(Archives edition Looking back on the dodgy Ukrainian nuclear energy industry a possible source of HEU for Jihadists in our latest report
By Yoichi Shimatsu
Exclusvie to Rense
Clashes over energy in Ukraine between the West and Russia could prompt another Chernobyl-type accident or a catastrophe on the order of a Fukushima that will complete the nuclear devastation of the Northern Hemisphere. As news media fixate on conflicts over pipelines that supply Europe with Russian gas, another energy war is erupting over control of Ukraine’s nuclear-power industry, which generates half that nation’s electricity.
Prime Minister Arseniy Yatsenuk’s campaign for “energy independence” from Russian-sourced natural gas and nuclear fuel is not a study in cost control, economic security or even national sovereignty. His corporate-giveaway policies are actually a concession to Western energy interests in return for their influence over the EU, which can provide loans to avert an imminent default on Kiev’s debt to the IMF and World Bank. With an annual budget shortfall of $15 billion and a currency collapse, Ukraine is staggering under external sovereign debt estimated at between $140 and $200 billion.
The IMF and World Bank have halted further transfers of loan tranches to Kiev, which is now unable to make payments on its gas imports from Russia. Kiev policymakers are therefore desperately looking to expand their nuclear industry. Unfortunately two recent accidents at its largest nuclear-power plant highlight the serious risks to a nation still grappling with the long-term effects of the 1986 Chernobyl meltdown.
Boom and Bust
In stark contrast with eco-conscious capitals across Europe, Kiev is unable to resist foreign demands to adopt the Texan model of boom-and-bust energy extraction. Chevron and Shell have launched fracking projects to tap shale-oil deposits across Ukraine, but exploration and revenues have been delayed by the fierce fighting in the Donetsk region.
Ukraine also possesses one of Europe’s few exploitable uranium reserves in its Kirovograd and Dnipropetrovsk regions, now being targeted by the French nuclear giant AREVA in cooperation with local partner VostGOK.
An ongoing series of nuclear-fuel deals between Toshiba-Westinghouse and Ukraine energy monopoly Energoatom is aimed at severing Kiev’s reliance on Russian technology and Kazakh uranium. The competition to supply the global market for MOX (mixed oxides of uranium and plutonium) is pitting a consortium of Westinghouse, AREVA and their US suppliers against their Moscow-based rival Rusatom and nuclear-engineering firm TVE.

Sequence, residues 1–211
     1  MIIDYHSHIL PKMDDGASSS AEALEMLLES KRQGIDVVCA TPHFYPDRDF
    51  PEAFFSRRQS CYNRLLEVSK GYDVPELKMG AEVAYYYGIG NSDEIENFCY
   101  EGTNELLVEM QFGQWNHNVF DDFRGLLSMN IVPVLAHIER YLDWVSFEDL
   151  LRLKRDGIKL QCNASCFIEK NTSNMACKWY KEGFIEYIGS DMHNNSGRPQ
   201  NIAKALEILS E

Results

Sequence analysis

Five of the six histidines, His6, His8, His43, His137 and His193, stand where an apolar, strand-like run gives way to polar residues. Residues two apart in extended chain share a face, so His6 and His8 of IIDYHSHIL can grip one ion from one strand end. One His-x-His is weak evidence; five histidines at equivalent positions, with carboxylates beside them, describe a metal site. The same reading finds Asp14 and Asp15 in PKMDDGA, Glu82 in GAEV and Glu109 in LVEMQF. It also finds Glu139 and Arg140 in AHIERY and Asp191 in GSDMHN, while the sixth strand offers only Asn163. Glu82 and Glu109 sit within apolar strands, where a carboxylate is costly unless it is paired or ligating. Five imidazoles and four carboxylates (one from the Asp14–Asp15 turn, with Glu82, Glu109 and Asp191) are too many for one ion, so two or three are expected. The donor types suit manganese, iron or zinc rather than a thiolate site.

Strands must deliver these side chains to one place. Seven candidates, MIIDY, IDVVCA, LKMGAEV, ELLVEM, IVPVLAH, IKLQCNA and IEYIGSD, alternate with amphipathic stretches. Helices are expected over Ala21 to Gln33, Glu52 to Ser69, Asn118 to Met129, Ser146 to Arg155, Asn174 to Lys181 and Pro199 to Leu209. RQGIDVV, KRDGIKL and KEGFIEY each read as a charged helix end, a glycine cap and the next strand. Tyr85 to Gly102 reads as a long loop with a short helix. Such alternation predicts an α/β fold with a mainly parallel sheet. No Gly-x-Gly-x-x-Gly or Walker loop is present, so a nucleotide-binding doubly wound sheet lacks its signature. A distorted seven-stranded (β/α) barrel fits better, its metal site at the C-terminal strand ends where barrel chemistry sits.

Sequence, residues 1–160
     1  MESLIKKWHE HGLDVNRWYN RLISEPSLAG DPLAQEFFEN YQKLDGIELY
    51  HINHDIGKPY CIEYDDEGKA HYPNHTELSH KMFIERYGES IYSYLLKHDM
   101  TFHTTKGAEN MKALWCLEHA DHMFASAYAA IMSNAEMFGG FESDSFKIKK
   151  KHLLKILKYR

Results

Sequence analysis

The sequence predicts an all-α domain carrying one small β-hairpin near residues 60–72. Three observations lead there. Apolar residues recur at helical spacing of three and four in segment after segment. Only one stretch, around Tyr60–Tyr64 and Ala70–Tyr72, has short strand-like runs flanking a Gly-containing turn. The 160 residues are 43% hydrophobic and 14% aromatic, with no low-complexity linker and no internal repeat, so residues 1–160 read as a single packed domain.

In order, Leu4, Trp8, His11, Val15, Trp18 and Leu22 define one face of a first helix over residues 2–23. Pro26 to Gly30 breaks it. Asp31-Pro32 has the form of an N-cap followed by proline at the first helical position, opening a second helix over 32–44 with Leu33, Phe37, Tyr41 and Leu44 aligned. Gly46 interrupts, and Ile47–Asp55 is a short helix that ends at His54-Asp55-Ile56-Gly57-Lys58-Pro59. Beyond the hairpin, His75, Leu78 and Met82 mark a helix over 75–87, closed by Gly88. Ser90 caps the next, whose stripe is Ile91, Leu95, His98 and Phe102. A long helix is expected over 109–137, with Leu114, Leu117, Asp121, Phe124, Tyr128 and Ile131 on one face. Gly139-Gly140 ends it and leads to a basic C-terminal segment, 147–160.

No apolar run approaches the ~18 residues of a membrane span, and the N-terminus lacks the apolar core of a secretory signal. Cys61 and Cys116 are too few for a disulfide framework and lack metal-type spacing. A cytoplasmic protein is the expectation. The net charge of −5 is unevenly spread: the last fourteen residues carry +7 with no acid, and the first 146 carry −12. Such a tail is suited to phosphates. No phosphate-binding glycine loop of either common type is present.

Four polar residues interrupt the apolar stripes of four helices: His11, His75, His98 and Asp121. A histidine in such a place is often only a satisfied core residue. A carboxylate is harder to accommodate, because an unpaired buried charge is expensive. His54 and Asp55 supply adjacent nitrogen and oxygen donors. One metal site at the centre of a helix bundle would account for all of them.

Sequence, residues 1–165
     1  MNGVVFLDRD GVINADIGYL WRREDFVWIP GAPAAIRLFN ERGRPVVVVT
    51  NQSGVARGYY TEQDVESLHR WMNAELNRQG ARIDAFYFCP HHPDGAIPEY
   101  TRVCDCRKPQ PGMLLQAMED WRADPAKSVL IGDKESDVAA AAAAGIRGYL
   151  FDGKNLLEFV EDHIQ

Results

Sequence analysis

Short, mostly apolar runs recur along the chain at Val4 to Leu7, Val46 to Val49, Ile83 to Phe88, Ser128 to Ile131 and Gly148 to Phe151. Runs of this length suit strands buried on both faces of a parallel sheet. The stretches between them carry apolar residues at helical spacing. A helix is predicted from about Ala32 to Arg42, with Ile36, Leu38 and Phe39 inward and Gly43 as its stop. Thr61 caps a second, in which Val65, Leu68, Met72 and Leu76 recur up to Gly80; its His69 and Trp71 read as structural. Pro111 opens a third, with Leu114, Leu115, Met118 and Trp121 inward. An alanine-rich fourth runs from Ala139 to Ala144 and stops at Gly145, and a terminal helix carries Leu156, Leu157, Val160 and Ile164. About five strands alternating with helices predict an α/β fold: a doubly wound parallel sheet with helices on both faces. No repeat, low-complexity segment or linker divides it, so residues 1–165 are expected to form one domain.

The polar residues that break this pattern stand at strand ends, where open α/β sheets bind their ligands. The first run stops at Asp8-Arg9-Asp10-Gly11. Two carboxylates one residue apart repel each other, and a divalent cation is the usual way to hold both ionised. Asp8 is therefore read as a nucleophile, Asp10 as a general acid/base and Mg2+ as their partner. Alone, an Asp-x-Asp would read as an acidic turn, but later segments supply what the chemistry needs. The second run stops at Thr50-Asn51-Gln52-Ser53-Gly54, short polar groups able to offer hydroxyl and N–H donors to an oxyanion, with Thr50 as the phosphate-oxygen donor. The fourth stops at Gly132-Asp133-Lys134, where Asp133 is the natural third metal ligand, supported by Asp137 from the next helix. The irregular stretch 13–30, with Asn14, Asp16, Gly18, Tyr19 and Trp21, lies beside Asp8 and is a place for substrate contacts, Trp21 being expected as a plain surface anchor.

Beset by losses of orders from Japan, the AREVA MOX fabrication plant in France is facing a new and strong challenge from the Rusatom pellet facility in Krasnoyarsk, western Siberia, which has replaced the aging Mayak fuel plant.
To reduce stockpiles of plutonium-laced spent fuel rods stored inside power plants, the global nuclear industry is pushing to introduce advanced prototypes of fast-breeder reactors, which burn a variety of nuclear fuels including plutonium. Rusatom is producing MOX pellets for a next-generation fast-breeder to start operation this year at Beloyarskaya. The Russian design is the chief rival for next-generation breeder reactors being developed by the French ASTRID program in the Rhone region and the Hitachi-GE Horizon project along Britain’s Irish Sea coast.
In this global race to revive the fortunes of the nuclear industry, Chernobyl and the ongoing Fukushima cataclysm spewing radioactive waste into the jet stream over Europe have all but been forgotten.
Salvaging Savannah River
The powerful explosion of MOX fuel rods at Reactor 3 in Fukushima nearly four years ago prompted Britain to close its Sellafield MOX fuel-rod production facility and convinced the Department of Energy to suspend construction on the US mixed-oxide project in Savannah River, South Carolina. These setbacks for the US-UK nuclear industry left the AREVA’s Mercoule facility in the southern French region of Languedoc-Roussillon as the only MOX producer in the West.